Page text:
|Volume 17 Number 4 April 2015||
The responsibility and effect of sin have been questioned by mankind from the beginning of time. As many have noted, Adam blamed God for causing him to sin and his descendants have perpetuated his error ever since (Genesis 3:12). In James 1:13-18, the inspired author commanded Christians not to err in this fashion (James 1:16). Instead, they should consider the true lineage of temptation and sin, which does not and cannot include God.
James first identified who was not the father of temptation with these words, “Let no man say when he is tempted, I am tempted of God” (James 1:13a). The word “tempted” here is not an outward test (James 1:2) but an inward compulsion to do what is sinful. James commanded the “brethren” (James 1:2, 16) not to claim that God was the source of their temptation. James’ reasoning is simplistic and effective. Brethren should not claim that God is the source of temptation for one very important reason, “God cannot be tempted with evil” (James 1:13b). The implication seems to be that since God is not vulnerable to the desire to perform sin, He does not yearn to see mankind tempted with sin (James 1:13c).
James identified the father of temptation with the use of these words, “every man” and “his own” (James 1:14). The source of temptation to do evil is not God; rather, the responsibility falls squarely upon the individual. Interestingly, James does not implicate Satan who is regarded as the ultimate source of temptation throughout Scripture (James 4:7; 1 Peter 4:8; 2 Corinthians 2:11). Instead, he holds Christians personally responsible for their “own lusts.” Temptation occurs when one is “drawn away” and “enticed” to do something contrary to God’s Word. The word “drawn way” consists of two words, which mean “out of” and “to draw.” When combined literally they mean “to draw out of.” Much like an animal that is drawn out of its den, a place of security and rest to seek the pleasures of a full stomach, mankind is drawn out to fulfill an unlawful desire (“lust”). The word “enticed” could also be translated “lured” and is often used of false teachers who lure away their subjects with lies (2 Peter 2:14, 18). When one is drawn out by lust and baited, their will to do right is tested. If they manage to escape, sin has not occurred (1 Corinthians 10:13). However, if they fail, an unsightly result necessarily follows.
James warned the brethren of the results of lust and enticement’s unwarranted union, “Then when lust hath conceived, it bringeth forth sin” (James 1:15a). The word “conceive” means “to become pregnant,” and James uses it to demonstrate that the mingling of lust and enticement is not without consequence. When a Christian’s will to do what is right surrenders to temptation, then an illegitimate child is born—named “sin.” Though everyone sins (1 John 1:8, 10) such an acknowledgment should not be an excuse for unrestrained desires. When sin is brought to completion (“finished”), it gives birth to spiritual death (Romans 6:23; 1 Timothy 5:6).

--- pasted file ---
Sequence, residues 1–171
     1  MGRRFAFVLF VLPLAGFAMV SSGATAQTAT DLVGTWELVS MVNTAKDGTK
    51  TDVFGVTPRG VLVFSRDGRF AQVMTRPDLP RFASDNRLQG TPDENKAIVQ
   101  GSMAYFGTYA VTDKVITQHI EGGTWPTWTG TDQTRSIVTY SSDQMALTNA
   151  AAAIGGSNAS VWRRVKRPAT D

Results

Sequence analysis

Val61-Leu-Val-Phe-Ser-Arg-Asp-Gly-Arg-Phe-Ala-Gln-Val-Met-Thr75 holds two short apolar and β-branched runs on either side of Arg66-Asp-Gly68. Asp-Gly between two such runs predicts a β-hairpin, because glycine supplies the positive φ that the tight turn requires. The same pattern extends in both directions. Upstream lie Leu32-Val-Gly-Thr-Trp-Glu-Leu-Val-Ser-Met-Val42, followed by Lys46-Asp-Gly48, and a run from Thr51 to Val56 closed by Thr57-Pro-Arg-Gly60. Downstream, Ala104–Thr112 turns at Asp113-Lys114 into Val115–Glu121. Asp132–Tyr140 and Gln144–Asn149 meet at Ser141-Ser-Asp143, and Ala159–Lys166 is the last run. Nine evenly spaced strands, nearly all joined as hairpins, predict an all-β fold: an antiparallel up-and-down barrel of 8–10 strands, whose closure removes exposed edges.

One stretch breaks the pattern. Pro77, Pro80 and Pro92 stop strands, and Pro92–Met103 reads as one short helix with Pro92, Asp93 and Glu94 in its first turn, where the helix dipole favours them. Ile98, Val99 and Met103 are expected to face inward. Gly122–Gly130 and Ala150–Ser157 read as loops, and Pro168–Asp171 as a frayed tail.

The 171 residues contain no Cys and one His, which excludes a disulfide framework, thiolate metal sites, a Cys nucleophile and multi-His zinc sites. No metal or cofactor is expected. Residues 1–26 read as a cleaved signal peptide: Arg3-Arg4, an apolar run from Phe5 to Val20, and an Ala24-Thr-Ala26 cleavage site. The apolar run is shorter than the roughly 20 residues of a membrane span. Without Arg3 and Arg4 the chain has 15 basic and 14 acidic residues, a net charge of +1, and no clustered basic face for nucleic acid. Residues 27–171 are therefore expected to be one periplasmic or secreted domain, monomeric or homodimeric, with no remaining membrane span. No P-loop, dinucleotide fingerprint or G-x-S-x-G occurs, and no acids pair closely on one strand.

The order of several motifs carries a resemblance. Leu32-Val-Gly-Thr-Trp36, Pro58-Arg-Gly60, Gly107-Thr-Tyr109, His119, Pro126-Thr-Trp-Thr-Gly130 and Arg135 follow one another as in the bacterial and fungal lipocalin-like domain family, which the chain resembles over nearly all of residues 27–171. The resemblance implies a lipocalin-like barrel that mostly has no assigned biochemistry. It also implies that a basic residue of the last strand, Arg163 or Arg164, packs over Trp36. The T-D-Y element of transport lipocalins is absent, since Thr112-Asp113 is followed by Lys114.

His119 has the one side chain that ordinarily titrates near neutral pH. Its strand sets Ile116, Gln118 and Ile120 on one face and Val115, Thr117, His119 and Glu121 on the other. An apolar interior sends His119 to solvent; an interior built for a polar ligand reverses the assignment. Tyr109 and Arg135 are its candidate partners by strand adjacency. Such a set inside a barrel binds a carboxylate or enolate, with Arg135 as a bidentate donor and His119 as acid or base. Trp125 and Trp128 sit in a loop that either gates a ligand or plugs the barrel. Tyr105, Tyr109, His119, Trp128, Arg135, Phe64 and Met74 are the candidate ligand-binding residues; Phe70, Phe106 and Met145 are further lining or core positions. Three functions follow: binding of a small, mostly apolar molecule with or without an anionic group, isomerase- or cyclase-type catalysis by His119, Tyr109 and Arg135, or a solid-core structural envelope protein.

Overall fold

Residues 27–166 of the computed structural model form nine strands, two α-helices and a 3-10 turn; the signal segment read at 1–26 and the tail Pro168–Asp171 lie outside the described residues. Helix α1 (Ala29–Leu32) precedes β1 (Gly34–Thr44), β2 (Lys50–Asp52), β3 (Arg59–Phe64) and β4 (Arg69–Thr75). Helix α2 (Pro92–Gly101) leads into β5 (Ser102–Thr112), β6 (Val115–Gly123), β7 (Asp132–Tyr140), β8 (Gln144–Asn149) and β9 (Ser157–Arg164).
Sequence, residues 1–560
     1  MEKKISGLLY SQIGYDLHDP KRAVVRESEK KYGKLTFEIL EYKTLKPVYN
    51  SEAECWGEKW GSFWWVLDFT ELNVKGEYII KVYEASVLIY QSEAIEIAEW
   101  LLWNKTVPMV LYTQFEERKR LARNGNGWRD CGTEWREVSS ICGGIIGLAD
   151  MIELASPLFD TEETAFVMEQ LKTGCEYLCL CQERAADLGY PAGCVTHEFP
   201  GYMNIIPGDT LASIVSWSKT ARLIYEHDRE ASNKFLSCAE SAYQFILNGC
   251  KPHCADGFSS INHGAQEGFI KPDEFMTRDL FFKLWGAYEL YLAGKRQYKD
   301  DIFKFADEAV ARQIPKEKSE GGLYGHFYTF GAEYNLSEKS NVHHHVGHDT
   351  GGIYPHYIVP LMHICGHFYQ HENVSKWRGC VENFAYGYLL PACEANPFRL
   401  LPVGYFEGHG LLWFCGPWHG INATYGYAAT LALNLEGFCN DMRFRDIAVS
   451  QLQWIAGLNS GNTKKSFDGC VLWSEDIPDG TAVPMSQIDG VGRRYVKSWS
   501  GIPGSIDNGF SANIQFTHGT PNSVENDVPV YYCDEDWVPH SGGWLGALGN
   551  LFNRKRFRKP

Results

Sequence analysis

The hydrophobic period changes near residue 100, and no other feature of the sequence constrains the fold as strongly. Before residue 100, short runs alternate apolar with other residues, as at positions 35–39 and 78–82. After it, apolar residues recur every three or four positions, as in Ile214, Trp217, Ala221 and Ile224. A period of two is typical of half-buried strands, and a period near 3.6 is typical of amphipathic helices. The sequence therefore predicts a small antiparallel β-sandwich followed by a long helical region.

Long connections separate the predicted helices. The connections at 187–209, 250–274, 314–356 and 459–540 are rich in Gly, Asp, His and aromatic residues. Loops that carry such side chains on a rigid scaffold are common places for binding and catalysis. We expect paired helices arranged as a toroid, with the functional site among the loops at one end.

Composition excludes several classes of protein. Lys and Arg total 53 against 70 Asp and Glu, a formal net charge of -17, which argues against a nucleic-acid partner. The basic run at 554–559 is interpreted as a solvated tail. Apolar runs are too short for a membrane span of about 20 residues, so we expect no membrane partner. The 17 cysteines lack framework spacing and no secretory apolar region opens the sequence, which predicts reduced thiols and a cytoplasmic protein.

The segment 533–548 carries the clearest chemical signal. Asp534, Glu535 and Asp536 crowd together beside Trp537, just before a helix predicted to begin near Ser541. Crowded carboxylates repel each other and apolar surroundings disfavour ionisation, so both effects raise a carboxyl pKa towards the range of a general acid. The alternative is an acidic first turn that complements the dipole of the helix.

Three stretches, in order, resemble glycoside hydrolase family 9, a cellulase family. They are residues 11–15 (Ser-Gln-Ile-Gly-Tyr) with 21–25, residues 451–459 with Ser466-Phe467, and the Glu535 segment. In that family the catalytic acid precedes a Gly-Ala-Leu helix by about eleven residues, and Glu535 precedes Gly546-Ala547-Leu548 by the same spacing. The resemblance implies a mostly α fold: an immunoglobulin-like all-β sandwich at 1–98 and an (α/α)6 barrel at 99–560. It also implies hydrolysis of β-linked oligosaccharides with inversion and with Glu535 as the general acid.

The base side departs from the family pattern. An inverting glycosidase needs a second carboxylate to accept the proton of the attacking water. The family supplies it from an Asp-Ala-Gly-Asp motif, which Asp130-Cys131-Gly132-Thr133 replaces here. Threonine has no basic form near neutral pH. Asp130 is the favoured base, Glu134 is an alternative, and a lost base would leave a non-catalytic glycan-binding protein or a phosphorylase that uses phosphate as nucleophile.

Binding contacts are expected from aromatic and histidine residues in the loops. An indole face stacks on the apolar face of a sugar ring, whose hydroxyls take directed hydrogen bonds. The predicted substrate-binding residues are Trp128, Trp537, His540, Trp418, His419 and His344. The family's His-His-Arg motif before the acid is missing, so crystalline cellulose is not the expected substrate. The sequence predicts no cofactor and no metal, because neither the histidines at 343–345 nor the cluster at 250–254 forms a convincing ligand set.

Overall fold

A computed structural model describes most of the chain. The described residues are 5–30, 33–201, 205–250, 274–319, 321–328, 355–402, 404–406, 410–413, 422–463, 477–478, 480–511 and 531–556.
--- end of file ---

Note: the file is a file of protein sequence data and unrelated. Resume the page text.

Thankfully, over two thousand years ago, a birth of a different kind took place—the birth of One named Jesus “who is called Christ” (Matthew 1:16). He is the Messiah of the entire world (1 Timothy 2:4), sent to seek and to save those who are lost due to spiritual death caused by sin (Luke 19:10).
There was a young woman in her early thirties who was a wife and a mother. She was very dedicated to her family and a Christian worker. Yet inside, she found herself in a bad way. She was beginning to take a trip downward. She was heading for a certain kind of breakdown that some of us experience in life: the breakdown of her stubbornness and self-sufficiency. This woman had experienced some unexpected downturns in her life. She realized she couldn’t handle everything alone like she thought.
Finally, she hit the bottom—the rock-bottom of it all. It turns out that she understood that there was a relief to this experience in the form of Christ. Jesus Christ was the rock on which she hit bottom. Being cast upon Christ, and casting all her cares upon Him (1 Peter 5:7), she began to rebuild her life. She rebuilt herself as someone who was dependent upon God, rather than the person she had been. Hitting rock-bottom was perhaps the best thing that could have happened to her, and to us. Most people don’t realize how much they need the Savior until they have hit rock-bottom. It becomes a vital turning point in our spiritual development.
Most people do not feel so spiritual when they hit the bottom. Some even become more miserable when they see Christians who are supposed to care but in reality take a very narrow and shortsighted view of the difficulties that the sufferer is having and why he or she is suffering. Our Heavenly Father is very pleased that for us He can make something out of nothing. He can bring joy in the midst of a painful process.
In Psalm 119:71, we read the following: “It is good for me that I have been afflicted; that I might learn thy statutes.” The Psalmist is essentially saying to God, “Be good to me in accordance with how good you are; even if it means being afflicted in life. Your affliction is good for me. It teaches me knowledge and good judgment from your law.” Now isn’t that the attitude we should have and project to others? Christ is a firm foundation, especially when we have reached rock-bottom. God loves you, and so do I.